Ironically, the worst vandal was a man who tried to record the wreck, Francis Crawshay (c 1811-78). He was a wealthy landowner who kept a yacht on the Hamble and evidently fancied himself as an archaeologist. Sadly, his principal excavation tool was gunpowder! In the end, the wreck was saved by Customs and Excise – not for any archaeological reason, but because Crawshay had failed to declare his finds to the Receiver of Wreck.
The ‘Viking Ship’ was finally identified as the Grace Dieu in 1933, by the historian R C Anderson. Anderson visited the site with a small team, at the instigation of a local man, Mr F C P Naish. They made the first modern survey of the site, conducted a limited excavation and revealed the wreck’s unprecedented triple-skin clinker planking.
There was other work on the wreck in later decades, including a series of investigations by the National Maritime Museum’s former Archaeological Research Centre in the early 1980s. The full shape and extent of the hull remains were revealed by sonar survey made in 2005 by the University of Southampton and the National Oceanography Centre. This showed that only the bottom 2 m of the Grace Dieu survives, but even this remnant is massive, measuring some 32.5 m by 12.2 m.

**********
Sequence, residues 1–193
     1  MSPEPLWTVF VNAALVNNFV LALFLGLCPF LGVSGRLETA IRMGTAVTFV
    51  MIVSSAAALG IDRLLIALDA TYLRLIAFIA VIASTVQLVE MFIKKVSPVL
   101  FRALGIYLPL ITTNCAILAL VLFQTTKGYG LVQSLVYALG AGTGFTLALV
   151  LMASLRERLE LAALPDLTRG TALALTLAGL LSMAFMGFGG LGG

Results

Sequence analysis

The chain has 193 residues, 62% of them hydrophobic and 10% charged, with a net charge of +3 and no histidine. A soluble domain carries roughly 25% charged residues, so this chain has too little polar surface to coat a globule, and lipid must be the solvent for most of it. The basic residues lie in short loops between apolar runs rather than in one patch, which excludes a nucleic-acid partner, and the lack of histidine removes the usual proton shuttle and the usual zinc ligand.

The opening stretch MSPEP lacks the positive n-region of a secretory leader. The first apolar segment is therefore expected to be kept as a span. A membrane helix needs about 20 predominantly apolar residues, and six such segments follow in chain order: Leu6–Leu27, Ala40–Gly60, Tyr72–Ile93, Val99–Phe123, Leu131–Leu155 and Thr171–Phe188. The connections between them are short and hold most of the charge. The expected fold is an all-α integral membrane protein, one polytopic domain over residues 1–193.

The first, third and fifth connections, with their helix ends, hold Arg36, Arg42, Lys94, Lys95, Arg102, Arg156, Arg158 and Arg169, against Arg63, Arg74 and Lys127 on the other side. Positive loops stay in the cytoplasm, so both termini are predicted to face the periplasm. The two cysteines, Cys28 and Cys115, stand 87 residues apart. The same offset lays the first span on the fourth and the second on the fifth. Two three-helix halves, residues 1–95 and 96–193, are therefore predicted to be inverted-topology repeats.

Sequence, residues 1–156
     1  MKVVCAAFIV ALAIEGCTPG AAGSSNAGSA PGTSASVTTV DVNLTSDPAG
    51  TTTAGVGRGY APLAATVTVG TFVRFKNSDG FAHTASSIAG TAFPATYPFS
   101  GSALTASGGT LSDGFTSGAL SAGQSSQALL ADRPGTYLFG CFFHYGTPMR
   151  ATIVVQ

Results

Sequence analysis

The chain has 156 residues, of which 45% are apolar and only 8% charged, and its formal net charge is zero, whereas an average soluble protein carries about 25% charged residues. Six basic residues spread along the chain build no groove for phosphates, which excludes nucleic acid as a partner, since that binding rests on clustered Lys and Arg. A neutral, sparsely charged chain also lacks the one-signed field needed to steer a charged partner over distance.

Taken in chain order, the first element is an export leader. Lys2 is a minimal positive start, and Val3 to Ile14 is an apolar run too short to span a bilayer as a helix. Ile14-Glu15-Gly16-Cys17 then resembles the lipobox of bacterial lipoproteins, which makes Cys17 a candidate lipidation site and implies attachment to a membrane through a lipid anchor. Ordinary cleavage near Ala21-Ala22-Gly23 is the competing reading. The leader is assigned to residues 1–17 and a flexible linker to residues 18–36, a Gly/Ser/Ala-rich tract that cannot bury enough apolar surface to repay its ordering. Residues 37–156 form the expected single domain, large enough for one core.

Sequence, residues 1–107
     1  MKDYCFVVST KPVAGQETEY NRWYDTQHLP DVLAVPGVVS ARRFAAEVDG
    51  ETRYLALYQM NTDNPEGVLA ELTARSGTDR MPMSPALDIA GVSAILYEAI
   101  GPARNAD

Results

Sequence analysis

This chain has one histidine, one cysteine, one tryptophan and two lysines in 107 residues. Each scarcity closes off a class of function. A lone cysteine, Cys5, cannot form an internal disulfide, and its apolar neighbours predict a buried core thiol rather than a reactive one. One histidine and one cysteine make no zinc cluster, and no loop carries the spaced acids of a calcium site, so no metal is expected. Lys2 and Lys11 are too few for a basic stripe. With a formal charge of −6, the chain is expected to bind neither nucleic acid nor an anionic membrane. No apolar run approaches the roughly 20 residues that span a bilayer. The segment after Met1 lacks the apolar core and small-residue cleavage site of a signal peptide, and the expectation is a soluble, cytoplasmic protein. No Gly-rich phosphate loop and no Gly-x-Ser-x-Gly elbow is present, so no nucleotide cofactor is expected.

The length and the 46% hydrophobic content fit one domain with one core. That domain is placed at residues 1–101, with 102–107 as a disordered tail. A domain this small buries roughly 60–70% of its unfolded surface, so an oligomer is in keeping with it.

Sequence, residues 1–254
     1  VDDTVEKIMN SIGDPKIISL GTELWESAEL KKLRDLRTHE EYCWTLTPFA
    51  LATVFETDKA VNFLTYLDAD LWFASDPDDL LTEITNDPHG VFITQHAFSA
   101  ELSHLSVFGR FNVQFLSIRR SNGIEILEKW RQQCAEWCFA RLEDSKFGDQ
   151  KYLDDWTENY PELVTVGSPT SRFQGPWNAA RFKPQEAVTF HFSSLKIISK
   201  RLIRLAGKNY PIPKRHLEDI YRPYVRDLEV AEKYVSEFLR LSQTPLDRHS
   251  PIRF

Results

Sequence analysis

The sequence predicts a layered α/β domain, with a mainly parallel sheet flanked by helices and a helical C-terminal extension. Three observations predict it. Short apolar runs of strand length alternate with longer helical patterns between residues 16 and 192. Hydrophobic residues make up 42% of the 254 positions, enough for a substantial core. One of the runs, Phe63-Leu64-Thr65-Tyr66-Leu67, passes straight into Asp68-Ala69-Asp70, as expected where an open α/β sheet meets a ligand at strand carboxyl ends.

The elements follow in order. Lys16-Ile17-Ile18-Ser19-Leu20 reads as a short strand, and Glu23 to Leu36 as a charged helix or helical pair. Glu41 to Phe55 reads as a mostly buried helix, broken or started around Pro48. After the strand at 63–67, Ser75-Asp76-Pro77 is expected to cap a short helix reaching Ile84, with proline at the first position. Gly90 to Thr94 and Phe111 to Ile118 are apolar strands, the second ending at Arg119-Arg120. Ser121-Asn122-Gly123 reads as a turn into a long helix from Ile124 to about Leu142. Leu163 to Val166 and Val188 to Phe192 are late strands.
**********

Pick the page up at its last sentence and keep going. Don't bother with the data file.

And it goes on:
The wreck of the Grace Dieu was bought in 1970 by the University, and in 1974 it was designated as a Protected Wreck under the 1973 Protection of Wrecks Act. You can only visit the site of the Grace Dieu with special statutory permission, but at very low tides it is possible to see some of its timbers from the opposite riverbank in Upper Hamble Country Park – the wreck site is marked with a yellow PWA buoy.